Proposed dam repair could save Litchfield approximately $ 150,000


The dam at the east end of Woodbury Pond in June at Litchfield. Joe Phelan / Journal Kennebec

LITCHFIELD – Litchfield officials are currently exploring a long-term solution for the Woodbury Pond Dam that could cost around $ 150,000 less than the initial repair plans.

The problems started to show up this spring, when the dam keeper Terry avill Witness the sagging of the rockfill next to the right side of the upstream drive wall. He also noted seepage along this wall, starting at around 7 feet and intensifying to 7.5 feet.

Since then, Topsham-based engineering firm Wright-Pierce has inspected the site and presented Litchfield with a report, along with an estimate of repair costs. The company was also assisted by geotechnical engineering consultants from Haley & Aldrich.

Testing confirmed that water was passing through that wall and out under the downstream drive wall, and engineers also noted that the rip-rap deposited between their visits in May. They found that the problem was caused by a loss of material to the backfill in an area of ​​10 feet and recommended that the elevation of the pond not exceed 7 feet until action was taken against the leak. .

They proposed a two-phase approach to tackle the problem. The first phase would stabilize the situation and consist of installing sandbags along the affected area as well as pressure injecting this area to temporarily stabilize the dam. This part of the plan also involves regularly monitoring the dam and dike and noting any changes in infiltration or settlement.

The first phase was estimated to keep the area stable for up to two years.

In June, residents approved an addition of $ 55,000 to the municipal budget to help with the first phase of the dam repair.

Phase two would be a long term remedial strategy. The engineers suggested three options: the installation of a concrete core in the backfill of the existing dam, the installation of a steel sheet pile separation wall on the upstream face of the dam or the installation of a secant concrete pile wall on the upstream face of the dam.

Litchfield coaches discussed the approval of the first phase in a meeting on Monday, but chose not to approve until engineers could provide a more precise financial estimate. In total, the costs of this phase were initially estimated between $ 79,500 and $ 142,000.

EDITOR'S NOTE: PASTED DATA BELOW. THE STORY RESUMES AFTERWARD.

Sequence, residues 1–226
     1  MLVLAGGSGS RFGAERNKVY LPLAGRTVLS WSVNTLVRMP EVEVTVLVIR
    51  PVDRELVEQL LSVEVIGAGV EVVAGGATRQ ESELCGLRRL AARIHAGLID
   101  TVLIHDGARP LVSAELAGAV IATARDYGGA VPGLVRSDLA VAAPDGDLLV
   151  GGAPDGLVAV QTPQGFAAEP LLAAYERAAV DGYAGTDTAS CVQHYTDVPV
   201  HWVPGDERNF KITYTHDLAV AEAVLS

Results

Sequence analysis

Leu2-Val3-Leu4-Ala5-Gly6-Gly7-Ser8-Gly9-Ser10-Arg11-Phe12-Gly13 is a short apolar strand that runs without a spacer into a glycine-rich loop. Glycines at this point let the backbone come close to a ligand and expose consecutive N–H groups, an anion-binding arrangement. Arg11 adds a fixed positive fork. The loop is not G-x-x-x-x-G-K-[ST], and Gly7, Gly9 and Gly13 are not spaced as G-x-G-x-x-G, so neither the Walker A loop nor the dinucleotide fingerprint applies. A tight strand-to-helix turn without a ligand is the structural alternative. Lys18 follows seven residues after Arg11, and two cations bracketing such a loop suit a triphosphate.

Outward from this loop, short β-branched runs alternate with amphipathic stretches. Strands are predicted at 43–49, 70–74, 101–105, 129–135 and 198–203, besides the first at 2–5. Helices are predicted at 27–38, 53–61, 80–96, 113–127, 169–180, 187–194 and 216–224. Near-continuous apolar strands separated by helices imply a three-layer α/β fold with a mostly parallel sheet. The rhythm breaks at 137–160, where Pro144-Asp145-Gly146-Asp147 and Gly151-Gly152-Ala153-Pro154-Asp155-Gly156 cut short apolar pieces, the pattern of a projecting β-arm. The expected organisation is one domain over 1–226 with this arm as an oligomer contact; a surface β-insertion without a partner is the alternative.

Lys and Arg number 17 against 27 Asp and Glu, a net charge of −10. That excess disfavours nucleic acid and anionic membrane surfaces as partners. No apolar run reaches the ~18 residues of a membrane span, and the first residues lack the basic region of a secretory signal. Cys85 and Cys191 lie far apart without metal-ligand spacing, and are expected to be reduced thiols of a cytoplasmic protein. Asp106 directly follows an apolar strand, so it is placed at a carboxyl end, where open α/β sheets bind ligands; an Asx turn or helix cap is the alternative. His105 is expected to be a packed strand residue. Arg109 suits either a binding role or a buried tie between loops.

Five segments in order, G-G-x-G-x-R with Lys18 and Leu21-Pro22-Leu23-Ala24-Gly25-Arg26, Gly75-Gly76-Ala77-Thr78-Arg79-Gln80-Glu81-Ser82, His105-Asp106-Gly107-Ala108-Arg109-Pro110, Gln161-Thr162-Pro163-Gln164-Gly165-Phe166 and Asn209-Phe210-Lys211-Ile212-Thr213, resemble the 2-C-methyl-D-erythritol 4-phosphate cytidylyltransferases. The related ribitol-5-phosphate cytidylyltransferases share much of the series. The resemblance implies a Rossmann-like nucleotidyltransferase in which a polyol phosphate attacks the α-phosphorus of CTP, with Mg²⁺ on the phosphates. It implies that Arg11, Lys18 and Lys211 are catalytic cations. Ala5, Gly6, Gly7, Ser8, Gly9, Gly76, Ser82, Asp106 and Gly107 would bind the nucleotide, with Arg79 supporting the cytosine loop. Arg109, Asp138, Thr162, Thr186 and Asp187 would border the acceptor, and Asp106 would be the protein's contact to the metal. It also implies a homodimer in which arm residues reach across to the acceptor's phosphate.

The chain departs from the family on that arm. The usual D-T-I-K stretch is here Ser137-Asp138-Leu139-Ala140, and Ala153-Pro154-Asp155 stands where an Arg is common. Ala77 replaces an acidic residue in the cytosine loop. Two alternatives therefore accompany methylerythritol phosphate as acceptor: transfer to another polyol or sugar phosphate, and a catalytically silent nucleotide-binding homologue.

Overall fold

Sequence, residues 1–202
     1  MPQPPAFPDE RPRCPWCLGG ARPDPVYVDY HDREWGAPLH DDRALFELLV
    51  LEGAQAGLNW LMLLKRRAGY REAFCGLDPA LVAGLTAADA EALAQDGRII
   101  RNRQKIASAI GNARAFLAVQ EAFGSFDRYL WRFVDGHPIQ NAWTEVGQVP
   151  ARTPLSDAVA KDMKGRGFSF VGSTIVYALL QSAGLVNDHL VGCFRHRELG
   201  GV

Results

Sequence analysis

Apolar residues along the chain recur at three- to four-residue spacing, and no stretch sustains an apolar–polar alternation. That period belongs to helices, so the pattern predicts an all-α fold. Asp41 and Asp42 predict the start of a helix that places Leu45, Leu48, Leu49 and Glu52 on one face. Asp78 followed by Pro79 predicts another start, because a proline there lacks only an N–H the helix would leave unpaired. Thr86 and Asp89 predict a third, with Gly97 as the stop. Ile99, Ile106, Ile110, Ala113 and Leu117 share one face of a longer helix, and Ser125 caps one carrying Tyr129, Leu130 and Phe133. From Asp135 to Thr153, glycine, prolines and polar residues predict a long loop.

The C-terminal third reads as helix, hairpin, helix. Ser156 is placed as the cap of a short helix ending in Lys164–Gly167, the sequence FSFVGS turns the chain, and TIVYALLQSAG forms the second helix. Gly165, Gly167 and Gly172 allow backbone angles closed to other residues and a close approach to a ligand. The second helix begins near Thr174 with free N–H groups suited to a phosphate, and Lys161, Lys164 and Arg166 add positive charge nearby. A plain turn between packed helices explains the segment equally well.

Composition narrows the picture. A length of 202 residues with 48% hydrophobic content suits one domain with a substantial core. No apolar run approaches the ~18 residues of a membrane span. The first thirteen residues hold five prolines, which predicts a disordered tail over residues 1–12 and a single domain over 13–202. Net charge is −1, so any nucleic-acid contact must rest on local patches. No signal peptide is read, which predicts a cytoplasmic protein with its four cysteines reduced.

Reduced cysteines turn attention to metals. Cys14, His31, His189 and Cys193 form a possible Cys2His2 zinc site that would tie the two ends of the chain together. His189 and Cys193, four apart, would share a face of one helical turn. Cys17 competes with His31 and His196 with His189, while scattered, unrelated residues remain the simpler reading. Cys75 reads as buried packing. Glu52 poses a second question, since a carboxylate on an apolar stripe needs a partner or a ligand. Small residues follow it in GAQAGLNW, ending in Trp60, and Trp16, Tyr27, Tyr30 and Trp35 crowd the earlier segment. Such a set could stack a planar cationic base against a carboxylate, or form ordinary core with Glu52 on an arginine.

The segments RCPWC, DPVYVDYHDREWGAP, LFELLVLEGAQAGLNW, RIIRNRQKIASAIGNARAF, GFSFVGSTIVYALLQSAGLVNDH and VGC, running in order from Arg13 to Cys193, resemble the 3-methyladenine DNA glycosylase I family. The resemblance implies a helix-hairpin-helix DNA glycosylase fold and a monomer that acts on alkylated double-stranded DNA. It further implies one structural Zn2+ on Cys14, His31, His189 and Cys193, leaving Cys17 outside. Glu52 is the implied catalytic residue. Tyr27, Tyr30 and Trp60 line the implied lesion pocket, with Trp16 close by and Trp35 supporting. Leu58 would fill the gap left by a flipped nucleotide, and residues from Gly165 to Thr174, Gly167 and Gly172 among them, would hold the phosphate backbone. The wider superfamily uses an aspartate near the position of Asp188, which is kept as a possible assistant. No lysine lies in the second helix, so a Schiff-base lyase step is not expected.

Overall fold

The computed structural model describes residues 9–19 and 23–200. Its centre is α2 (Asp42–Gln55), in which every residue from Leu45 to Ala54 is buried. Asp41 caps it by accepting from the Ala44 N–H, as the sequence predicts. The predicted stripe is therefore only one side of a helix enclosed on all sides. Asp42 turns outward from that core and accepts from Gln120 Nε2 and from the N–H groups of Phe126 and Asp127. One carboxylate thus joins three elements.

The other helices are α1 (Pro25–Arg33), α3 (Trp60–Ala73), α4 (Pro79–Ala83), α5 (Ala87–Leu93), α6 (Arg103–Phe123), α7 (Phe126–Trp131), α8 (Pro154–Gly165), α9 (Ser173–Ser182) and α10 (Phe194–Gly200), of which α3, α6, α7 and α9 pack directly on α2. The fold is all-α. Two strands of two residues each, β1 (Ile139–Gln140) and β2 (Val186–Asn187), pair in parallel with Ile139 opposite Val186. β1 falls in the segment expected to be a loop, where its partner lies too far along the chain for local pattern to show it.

The dam at the east end of Woodbury Pond recently in Litchfield. Joe Phelan / Journal Kennebec

City manager Kelly weissenfels said on Wednesday that the city’s director of public works Larry Nadeau suggested to go ahead with the steel sheet pile partition wall option for phase two. He said this option would allow the city to skip the pressure grouting step and install sandbags only as part of the first phase.

“Grouting costs up to $ 150,000,” Weissenfels said, “so rather than investing money in this procedure, which would give us about two years, we hope to go straight to the sheet steel wall instead. , and that way it would save us $ 150,000, that’s our hope.

Looking ahead, he said the next step would be to allow engineers to conduct a geotechnical survey and determine if the sheet steel option would work.

In the meantime, the city will continue to research the permits and monitoring necessary to install sandbags at the site. Once the permit was obtained and the sandbags installed, Weissenfels said the dam’s problems would be kept at bay for about seven months, by which time the engineering work would ideally be completed and authorities could secure permits for the solution. long-term.

Nothing has been finalized at this point, he said, but said he would be presented to the selection committee on July 12.

Weissenfels said they are still exploring the costs of the long-term solution, and initial estimates were around $ 300,000. To help fund this solution, he said the city will explore grants as well as the Maine Municipal Bond Bank Dam Repair and Reconstruction Fund.

“This is great news in terms of the economy,” Weissenfels said. “There is a bit of a risk if the leak increases, and that’s why monitoring the dam is important. “

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